Coming back to the original discussion, it is important for us as Pakistanis to confront the past. During General Zia’s era, Pakistan was made to go through the process of ‘Islamisation’. At the same time, Afghanistan was at war with the USSR. To contain communism, the US needed an ally in the region to fund and weaponise the Mujahideen against the Soviets. Who was a better option for the US than Pakistan? What followed was billions of dollars of US aid to the Mujahideen with Zia’s blessings.
In return, Reagan turned a blind eye to the dictatorship and the religious exploitation occurring in Pakistan. He continued to fund the Mujahideen through Pakistan until the Soviets withdrew from Afghanistan in 1989. The most ironic aspect of this scenario was that America was fighting a war for democracy with the help of a dictator. As soon as the USSR left Afghanistan, the US slapped sanctions on Pakistan in the form of the Pressler Amendment. It was a harsh betrayal.
From there, the anti-American narrative started to grow. The political elite of Pakistan should have realized that we were mere tools for the global powers. However, Musharraf reiterated the same mistake after 9/11 and Pakistan once again became an ally of the US in the War on Terror. Although, this time we did not have much choice. The US war against the Taliban fuelled the anti-American narrative since many Pakistanis had their sympathies with the Taliban. During all this, Bush did the same thing as Reagan had. He turned a blind eye to the fact that Pakistan was under martial law and kept pouring billions of dollars of aid into the country. Musharraf tried to salvage some pride among the public by denouncing support for the US, even though he was secretly helping them.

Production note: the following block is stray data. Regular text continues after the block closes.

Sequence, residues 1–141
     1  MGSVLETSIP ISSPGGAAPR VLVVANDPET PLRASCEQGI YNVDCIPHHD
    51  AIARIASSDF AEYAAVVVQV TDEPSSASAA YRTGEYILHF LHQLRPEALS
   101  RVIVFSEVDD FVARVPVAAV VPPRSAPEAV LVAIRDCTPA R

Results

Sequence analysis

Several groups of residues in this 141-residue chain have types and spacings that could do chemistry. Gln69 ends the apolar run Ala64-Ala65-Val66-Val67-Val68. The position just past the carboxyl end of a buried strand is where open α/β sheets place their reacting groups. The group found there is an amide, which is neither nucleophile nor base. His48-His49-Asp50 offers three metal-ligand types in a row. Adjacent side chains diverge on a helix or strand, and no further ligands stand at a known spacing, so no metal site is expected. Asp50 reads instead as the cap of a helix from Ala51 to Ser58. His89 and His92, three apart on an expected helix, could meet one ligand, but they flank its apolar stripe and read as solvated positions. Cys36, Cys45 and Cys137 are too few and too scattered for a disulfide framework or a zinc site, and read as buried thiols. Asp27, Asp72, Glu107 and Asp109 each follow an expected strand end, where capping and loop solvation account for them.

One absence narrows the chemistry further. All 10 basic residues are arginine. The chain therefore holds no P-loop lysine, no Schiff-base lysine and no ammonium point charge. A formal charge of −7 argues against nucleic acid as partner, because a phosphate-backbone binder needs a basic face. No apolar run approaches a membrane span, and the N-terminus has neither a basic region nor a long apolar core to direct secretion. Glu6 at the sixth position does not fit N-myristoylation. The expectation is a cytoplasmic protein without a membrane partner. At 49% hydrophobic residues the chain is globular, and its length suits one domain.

The wave of terrorism which followed was the worst Pakistan had ever seen. The regions hit the most by these terror attacks were ex-Fata, KP, and Balochistan. These attacks also included the ones orchestrated by separatist factions within the country. The death of Baloch leader Akbar Bugti fuelled more people among the Balochs to join the separatist cause. In the aftermath of Musharraf’s regime and America’s war on terror, there still exists civil unrest in KP and Balochistan.
Every terror attack was followed by the attribution of it to some foreign conspiracy. India was the usual suspect, which seems to be the case after Kulbhushan Jadhav’s revelations after his arrest. Many among the masses blamed America while many cursed the Jews for hatching conspiracies against the Muslims.
These are only a few examples of the intricate history of our authorities unable to control matters within their domain. That is not the problem, however. The problem arises when they extrapolate their domain, meddle with affairs that are alien to them, and consequently, make fatal mistakes. To cover these mistakes, they build populist narratives which hide the truth. Our authorities are the biggest populists. Thus, truth is the first casualty of populism. When the masses eventually uncover that truth, it is the civilian leadership that faces backlash. Imran Khan came close to becoming the victim of this vicious cycle of collateral damage for civilian leaders which has been going on for 75 years. Against all odds and forecasts, however, the masses have taken a stance and the air seems different this time.